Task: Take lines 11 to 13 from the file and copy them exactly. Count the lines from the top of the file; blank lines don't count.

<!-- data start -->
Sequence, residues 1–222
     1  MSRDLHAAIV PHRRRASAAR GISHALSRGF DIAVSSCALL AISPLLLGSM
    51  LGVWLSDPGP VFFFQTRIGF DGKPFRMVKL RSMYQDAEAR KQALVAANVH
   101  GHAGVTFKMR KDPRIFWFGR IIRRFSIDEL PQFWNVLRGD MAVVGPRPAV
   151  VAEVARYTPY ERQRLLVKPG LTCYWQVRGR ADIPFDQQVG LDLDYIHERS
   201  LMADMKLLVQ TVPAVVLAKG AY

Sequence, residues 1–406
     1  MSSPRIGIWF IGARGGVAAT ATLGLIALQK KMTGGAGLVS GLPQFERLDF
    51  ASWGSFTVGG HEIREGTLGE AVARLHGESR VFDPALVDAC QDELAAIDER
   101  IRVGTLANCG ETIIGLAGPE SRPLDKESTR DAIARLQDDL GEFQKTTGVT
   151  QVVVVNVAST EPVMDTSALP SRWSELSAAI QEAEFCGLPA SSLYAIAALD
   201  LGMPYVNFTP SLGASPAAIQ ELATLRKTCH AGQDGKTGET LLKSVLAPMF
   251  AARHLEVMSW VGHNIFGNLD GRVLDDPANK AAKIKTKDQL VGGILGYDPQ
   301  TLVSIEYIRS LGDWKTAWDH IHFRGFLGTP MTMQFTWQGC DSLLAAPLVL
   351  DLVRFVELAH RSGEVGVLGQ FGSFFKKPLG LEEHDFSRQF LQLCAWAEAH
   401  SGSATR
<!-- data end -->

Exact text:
   151  QVVVVNVAST EPVMDTSALP SRWSELSAAI QEAEFCGLPA SSLYAIAALD
   201  LGMPYVNFTP SLGASPAAIQ ELATLRKTCH AGQDGKTGET LLKSVLAPMF
   251  AARHLEVMSW VGHNIFGNLD GRVLDDPANK AAKIKTKDQL VGGILGYDPQ